VANCOUVER –When Aref Bolandnazar flew home to New York after visiting family in Iran, he didn’t think to say a tearful goodbye to his wife –after all, she was just supposed to stay an extra week before returning to the United States.
But that was 10 days ago, and Bolandnazar hasn’t seen his wife since. When Roya Arabloodariche tried to check in at an Iranian airport on Saturday, she was told she could not enter the U.S. due to an executive order signed by President Donald Trump.
“Our future was destroyed immediately,” said Bolandnazar.
They are Iranian citizens who both hold advanced degrees from the University of British Columbia. The pair obtained visas to live in New York while Bolandnazar completes his finance and economics PhD at Columbia University.
Arabloodariche, an electrical engineer, had hoped to get her green card and work in the United States. Now, Bolandnazar, 29, said he expects them both to pursue their academic and career goals elsewhere –ideally in Canada.
The husband and wife are just two members of the academic community in North America who have been hurt by the order signed by Trump to ban entry of citizens for 90 days from seven majority-Muslim countries.
Universities Canada, which represents 97 universities across the country, said the immigration ban is already having a “real, immediate and profound” impact on research partnerships, international students, academic conference participation and field visits, as well as family relationships.
The American Association of Universities has also called for the ban to “end as quickly as possible.”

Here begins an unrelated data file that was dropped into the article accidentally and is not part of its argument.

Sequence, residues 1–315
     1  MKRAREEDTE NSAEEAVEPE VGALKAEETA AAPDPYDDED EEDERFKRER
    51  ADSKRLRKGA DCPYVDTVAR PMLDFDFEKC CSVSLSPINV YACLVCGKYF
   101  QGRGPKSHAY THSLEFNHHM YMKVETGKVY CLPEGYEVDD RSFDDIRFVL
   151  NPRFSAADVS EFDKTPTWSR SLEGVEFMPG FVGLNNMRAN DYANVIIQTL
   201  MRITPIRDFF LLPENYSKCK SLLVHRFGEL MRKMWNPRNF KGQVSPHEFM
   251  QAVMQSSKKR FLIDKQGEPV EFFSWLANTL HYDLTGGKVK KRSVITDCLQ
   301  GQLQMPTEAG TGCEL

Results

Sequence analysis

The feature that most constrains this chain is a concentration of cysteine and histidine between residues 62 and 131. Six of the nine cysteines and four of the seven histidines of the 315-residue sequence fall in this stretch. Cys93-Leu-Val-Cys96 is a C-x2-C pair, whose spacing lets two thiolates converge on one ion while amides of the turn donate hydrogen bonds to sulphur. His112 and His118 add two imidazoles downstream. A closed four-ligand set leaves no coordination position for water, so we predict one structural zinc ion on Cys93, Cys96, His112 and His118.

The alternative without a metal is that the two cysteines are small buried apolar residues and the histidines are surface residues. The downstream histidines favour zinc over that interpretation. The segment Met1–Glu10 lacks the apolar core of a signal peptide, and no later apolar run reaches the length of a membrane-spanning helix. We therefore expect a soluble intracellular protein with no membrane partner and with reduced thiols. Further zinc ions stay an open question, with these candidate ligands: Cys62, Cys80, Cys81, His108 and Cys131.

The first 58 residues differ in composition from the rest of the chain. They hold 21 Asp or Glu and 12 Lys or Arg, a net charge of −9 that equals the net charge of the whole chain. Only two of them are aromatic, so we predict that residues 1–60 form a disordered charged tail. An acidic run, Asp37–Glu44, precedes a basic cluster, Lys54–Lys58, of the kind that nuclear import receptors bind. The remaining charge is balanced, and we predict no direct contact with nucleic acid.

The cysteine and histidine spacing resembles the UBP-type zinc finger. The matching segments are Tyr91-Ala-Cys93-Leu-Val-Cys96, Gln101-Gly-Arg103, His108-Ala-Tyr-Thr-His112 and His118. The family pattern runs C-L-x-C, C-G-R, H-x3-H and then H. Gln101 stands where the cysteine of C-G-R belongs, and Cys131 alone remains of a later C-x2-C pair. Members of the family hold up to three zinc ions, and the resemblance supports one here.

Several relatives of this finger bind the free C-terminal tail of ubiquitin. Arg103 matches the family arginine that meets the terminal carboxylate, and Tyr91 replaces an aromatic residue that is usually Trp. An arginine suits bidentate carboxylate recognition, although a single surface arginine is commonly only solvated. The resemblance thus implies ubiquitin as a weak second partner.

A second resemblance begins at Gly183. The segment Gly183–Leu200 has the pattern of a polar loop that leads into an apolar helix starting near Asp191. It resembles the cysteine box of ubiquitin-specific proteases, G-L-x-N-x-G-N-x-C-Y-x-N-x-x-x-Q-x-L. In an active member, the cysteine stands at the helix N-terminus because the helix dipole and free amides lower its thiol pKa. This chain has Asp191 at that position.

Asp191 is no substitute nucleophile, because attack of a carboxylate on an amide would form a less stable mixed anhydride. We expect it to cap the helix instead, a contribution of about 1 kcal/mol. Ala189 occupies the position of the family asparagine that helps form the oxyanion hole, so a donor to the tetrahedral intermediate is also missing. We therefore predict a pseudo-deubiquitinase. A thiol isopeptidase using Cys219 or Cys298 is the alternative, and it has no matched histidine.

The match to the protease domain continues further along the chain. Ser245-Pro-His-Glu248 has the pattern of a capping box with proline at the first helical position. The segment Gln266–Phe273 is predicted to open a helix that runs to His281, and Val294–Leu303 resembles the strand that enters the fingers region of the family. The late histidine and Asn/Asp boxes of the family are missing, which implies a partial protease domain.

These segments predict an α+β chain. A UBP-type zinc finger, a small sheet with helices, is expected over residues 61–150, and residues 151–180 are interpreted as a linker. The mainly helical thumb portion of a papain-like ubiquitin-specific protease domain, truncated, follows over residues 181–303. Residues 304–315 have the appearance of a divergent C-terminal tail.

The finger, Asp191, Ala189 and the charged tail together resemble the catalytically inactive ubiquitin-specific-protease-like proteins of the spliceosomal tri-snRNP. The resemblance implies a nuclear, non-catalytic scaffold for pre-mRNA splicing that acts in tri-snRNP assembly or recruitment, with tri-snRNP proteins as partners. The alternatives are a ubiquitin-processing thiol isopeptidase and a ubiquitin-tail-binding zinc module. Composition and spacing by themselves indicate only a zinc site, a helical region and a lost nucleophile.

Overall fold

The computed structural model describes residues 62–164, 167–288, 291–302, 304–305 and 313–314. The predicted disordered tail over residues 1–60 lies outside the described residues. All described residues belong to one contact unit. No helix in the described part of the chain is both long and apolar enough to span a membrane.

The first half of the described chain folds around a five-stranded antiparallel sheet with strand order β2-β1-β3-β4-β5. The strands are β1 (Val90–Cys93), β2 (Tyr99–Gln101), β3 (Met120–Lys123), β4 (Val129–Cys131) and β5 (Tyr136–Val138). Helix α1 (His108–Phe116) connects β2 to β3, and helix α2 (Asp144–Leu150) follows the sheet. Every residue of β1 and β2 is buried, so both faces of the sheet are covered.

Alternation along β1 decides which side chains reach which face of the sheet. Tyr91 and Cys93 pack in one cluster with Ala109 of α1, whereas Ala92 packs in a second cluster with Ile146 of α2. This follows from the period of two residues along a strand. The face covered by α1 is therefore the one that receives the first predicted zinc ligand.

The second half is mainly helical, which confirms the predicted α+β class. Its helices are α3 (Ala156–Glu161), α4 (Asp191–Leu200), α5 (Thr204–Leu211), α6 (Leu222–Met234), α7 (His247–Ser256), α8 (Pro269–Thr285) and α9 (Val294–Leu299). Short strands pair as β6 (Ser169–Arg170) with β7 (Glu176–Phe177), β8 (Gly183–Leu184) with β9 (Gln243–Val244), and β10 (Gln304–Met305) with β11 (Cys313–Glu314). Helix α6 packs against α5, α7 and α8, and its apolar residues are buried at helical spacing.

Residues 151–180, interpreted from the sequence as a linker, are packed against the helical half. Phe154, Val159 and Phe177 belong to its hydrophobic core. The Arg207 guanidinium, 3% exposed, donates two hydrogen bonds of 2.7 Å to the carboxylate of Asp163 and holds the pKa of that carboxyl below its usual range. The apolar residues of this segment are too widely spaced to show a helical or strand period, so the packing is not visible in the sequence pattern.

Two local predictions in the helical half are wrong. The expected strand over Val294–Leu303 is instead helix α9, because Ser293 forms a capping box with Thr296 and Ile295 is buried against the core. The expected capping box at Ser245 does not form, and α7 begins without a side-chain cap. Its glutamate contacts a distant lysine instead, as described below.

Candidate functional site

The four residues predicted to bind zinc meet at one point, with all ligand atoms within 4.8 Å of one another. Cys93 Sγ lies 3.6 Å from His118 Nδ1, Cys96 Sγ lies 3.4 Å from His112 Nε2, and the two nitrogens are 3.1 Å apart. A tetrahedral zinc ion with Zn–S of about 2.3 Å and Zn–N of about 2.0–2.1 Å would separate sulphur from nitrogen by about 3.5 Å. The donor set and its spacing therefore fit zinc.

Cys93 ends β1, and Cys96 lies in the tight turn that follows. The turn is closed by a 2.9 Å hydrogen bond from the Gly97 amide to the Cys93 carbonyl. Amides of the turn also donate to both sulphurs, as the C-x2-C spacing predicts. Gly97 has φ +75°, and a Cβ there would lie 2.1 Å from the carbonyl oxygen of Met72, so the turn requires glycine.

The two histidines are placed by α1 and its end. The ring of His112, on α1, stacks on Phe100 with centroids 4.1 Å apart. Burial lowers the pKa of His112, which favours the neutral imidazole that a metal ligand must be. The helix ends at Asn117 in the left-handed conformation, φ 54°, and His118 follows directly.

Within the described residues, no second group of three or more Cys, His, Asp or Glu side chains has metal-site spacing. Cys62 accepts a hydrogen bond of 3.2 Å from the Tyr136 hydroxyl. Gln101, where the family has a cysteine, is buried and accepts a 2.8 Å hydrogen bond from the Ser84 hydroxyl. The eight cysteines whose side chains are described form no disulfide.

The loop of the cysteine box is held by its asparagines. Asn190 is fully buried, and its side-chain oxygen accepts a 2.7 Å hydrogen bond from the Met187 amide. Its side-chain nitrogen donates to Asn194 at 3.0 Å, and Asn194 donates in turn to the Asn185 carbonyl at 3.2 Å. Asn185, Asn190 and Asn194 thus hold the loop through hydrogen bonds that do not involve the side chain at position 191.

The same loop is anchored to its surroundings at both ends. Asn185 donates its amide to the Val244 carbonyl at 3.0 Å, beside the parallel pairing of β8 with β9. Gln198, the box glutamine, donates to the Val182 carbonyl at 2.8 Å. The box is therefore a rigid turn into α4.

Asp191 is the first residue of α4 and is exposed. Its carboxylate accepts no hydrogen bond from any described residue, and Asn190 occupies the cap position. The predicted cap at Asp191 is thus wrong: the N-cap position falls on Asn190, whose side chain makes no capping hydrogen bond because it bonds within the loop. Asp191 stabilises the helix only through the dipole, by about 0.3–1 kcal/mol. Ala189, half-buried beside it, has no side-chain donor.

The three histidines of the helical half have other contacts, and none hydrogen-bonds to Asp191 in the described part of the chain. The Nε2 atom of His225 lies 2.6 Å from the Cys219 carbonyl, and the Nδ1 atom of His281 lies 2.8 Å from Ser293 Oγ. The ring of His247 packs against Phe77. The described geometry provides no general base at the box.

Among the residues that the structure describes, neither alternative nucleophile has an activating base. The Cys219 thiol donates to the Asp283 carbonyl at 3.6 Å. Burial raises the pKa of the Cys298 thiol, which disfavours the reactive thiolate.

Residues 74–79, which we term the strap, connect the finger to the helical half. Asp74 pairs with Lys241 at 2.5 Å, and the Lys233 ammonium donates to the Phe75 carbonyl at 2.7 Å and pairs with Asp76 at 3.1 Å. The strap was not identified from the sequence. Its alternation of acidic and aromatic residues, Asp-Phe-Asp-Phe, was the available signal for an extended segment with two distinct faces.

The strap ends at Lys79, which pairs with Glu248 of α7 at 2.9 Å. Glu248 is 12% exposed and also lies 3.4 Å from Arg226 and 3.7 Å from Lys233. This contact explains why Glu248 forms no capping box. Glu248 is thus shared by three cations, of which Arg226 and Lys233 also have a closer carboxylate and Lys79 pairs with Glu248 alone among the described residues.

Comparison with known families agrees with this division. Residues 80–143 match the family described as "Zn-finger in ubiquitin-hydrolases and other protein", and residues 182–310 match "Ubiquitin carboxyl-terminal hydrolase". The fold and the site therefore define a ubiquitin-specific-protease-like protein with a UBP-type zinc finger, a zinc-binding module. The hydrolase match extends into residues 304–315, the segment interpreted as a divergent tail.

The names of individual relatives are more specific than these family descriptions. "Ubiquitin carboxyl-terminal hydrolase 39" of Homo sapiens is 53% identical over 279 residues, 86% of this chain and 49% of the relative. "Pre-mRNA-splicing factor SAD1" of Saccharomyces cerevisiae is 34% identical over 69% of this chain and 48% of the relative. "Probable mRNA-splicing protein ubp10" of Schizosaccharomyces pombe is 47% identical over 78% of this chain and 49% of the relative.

Amir Abdi, a PhD candidate in the electrical and computer engineering department at UBC and recipient of a prestigious Vanier Canada Graduate Scholarship, was invited to present as an author at a medical imaging conference in Florida next month.
Abdi, an Iranian citizen who is in Canada on a temporary resident visa, will not be able to attend to help present his team’s work.
He said conferences exist for academics to make connections, exchange knowledge with others and contribute to research in their field. But because of Trump’s “unjust and inhumane” executive order, scholars are being penalized, he said.
“I cannot believe that the U.S. president would believe that scholars could make America unsafe. We are actually the ones who are making every move to improve the human condition,” he said.
Abdi, 29, who is also Bolandnazar’s cousin, said he believes the reputation of the U.S. will be harmed. Members of his department are already reaching out to conference organizers south of the border to see if the events can be held in Canada instead, he said.
“The U.S. is known to attract the brightest minds from around the globe. But as a result of Trump’s recent actions, I don’t think that scholars are going to be that interested in continuing their education in the U.S.”
Young students, like 23-year-old Iranian-Canadian dual citizen Sina Marzoughi, have also been affected by the ban. He’s a medical student at the University of Calgary who had been planning to attend a conference for student-run clinics in Los Angeles next month.
Despite the Canadian government’s assurances that dual citizens will be able to cross the border, Marzoughi said the American government has yet to put that in writing, and he’s been alarmed by reports of people being detained and having their phones searched.
He said his uncle is a professor at UCLA who has a green card and now can’t visit his family in Alberta because he fears he will not be allowed back into the U.S.
“I’m just really worried,” said Marzoughi. “Ever since the law was signed on Friday, I’ll be honest, it’s having a toll on my mental health.”
The University of British Columbia has launched a task force to assist about 80 faculty or staff and 350 students who are from the affected countries.
The Federation for the Humanities and Social Sciences, on behalf of Canada’s 91,000 faculty and graduate students in these departments, has said the ban runs counter to its goals of building an “inclusive, prosperous and democratic society.”